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IT Supporting Telehealth Nurse Practitioners in the Field

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  • Published on: September 5, 2019

Nurse Practitioner Ellen Rosser has an important role: she provides primary care telehealth services to Veterans in rural and underserved areas of the country. As a teleworker, she is 100 percent reliant on IT tools and access to the Department of Veterans Affairs (VA) network and applications. Technology is critical for Ellen’s day-to-day work. Operating as part of an Office of Rural Health-funded telehealth hub, she and her fellow practitioners rely on technology to care for their patients. Each day, Ellen and her colleagues use smart phones with integrated hotspots, computers configured for VA network access, and remote video units to provide care to their patients.

Video capabilities are crucial in this line of work—Ellen and her telehealth colleagues use Clinical Video Telehealth (CVT) to connect to clinics when they need to see patients there. Ellen works closely with on-site telepresenters who assist with hands-on exams, listening to heart and lung sounds, and providing high-definition camera views of areas of concern. When patients are in their homes and properly equipped with a smart phone, computer, or, in some cases, a VA-provided iPad, Ellen uses VA Video Connect or Video on Demand to provide care.

“We literally could not do our jobs without these tools,” Ellen says. “It’s so important to be able to see an area of concern and see a Veteran’s face during the interaction, especially when frequent mental health support or clinical pharmacy visits are needed.”

When she lost connectivity due to a password lockout issue with a new iPad, Ellen called on VA’s Office of Information and Technology’s (OIT) Enterprise Service Desk (ESD) so she could get back to her job as her patients’ lifeline to VA care.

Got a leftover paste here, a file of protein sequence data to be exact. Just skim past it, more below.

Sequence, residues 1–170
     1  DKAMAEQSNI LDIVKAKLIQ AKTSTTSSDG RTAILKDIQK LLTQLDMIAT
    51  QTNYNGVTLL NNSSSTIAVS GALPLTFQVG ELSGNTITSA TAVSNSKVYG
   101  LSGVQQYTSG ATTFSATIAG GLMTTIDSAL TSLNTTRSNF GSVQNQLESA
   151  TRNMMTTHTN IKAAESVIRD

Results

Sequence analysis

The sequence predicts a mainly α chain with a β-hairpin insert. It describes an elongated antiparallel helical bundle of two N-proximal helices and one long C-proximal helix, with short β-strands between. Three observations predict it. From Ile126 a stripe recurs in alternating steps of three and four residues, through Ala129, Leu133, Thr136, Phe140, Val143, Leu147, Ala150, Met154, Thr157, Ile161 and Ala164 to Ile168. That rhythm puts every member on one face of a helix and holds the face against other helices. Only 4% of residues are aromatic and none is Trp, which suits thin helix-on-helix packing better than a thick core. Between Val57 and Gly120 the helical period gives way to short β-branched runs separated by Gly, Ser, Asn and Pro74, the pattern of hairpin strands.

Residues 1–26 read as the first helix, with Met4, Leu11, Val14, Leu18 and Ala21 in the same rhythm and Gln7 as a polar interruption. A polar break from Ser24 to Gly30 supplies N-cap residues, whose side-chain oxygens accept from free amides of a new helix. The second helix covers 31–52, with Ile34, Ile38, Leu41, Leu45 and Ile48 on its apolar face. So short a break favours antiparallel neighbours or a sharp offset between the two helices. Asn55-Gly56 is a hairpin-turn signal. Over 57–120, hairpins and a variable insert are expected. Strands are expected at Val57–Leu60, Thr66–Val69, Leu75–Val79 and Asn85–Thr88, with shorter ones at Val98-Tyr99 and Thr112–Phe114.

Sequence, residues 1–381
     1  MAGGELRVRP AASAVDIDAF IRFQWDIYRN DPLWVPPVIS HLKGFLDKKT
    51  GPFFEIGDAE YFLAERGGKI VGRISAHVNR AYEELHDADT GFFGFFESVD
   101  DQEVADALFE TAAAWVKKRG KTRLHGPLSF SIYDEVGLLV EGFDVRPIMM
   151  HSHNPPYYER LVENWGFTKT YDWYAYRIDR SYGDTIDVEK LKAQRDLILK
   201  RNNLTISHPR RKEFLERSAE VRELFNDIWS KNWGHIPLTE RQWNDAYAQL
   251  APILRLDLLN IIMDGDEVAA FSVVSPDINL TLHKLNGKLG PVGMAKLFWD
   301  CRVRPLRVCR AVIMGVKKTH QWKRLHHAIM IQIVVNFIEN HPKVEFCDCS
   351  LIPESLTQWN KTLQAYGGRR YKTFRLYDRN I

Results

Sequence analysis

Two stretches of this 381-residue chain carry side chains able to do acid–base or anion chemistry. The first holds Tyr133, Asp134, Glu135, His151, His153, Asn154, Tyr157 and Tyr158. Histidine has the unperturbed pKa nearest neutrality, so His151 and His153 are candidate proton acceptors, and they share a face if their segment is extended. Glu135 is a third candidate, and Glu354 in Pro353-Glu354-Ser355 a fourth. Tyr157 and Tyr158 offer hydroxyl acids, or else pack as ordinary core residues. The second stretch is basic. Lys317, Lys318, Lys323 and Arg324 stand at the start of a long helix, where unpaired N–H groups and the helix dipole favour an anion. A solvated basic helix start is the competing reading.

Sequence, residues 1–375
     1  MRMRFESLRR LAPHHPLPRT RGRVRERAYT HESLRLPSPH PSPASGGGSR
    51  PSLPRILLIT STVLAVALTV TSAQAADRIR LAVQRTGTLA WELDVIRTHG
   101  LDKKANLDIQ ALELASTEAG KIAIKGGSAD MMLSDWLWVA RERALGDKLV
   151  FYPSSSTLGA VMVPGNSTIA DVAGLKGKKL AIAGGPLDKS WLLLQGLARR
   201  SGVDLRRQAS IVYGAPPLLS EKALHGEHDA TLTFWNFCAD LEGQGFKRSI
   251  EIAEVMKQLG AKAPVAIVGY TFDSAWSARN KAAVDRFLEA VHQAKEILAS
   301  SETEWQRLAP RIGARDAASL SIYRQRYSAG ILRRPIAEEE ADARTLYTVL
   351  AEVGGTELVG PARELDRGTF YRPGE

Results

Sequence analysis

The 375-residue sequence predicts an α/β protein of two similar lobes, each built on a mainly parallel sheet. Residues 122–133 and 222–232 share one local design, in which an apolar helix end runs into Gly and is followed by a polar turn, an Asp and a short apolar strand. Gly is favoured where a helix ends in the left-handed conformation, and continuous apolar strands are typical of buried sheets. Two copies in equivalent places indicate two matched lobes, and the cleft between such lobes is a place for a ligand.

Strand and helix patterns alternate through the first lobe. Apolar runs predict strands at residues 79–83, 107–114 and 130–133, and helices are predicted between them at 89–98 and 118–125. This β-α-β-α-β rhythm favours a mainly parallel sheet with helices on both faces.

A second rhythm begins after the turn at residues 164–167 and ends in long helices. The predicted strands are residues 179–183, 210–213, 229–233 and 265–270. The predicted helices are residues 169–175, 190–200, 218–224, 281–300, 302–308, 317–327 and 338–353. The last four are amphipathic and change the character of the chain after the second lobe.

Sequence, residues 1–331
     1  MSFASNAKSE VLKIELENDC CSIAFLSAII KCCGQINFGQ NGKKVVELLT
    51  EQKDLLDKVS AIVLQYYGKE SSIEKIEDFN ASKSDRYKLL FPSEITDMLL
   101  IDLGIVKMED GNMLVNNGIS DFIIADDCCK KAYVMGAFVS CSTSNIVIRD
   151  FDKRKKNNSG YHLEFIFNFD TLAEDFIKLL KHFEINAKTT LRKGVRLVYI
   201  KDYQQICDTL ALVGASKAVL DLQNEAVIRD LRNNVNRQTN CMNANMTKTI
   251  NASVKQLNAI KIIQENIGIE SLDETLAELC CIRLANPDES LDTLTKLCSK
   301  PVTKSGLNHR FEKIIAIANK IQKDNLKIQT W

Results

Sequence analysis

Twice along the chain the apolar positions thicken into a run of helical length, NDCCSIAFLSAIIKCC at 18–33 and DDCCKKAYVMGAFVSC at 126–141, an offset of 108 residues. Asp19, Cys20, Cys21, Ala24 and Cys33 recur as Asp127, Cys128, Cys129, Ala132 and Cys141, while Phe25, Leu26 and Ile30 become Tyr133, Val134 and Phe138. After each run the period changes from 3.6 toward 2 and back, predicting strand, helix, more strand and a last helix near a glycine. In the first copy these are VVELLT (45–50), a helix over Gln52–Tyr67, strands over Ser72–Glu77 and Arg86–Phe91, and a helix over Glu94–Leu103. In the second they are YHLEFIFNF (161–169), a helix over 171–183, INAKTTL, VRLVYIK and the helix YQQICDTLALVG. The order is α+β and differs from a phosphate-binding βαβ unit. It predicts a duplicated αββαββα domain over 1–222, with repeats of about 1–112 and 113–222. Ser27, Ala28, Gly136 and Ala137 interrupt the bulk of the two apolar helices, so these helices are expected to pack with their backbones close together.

“On the day I called the ESD, I was having extraordinary difficulty beyond my technical ability to explain,” she continued. “I needed a password reset, but there were also some background issues I didn’t know about at the time. It was a tough day for me. I couldn’t get into my system to see Veterans or process important medical-related tasks.”

When Ellen called OIT, she connected with agent Sarah Caldwell, who listened carefully, assessed the problems, and walked her through the steps needed to fix them.

“Through it all, Sarah was cool, calm, professional, and competent. She empathized but kept encouraging me to do the fixes she knew would work,” said Ellen.

Sarah not only figured out and solved the problems but proactively advised Ellen on how to avoid similar problems in the future, encouraging her to set calendar reminders to reset her password every 60 days.

As a VA employee since 2008, Ellen notices the improvements OIT has made to service telehealth workers who depend on IT tools to meet patient needs. Smart problem-solvers like Sarah play an important role, but many others in OIT are contributing as well, working behind the scenes every day to support VA business requirements.

Through it all, ESD is there, always ready to patiently troubleshoot and provide IT solutions to ensure VA staff like Ellen have the IT tools they need to do their jobs providing care and services to the nation’s Veterans.

Our commitment to digital and IT transformation is shaped by daily dedication to customer service and the close collaboration of our workforce, managers, and leaders. Ready to join us in improving Veterans’ care? Check out all current information and technology career opportunities on DigitalVA. You can also contact VA’s Office of the Chief Human Capital Officer at 512-326-6600, Monday thru Friday, 7 a.m. to 5 p.m. CST or by submitting a resume to

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Page last updated on September 5, 2019


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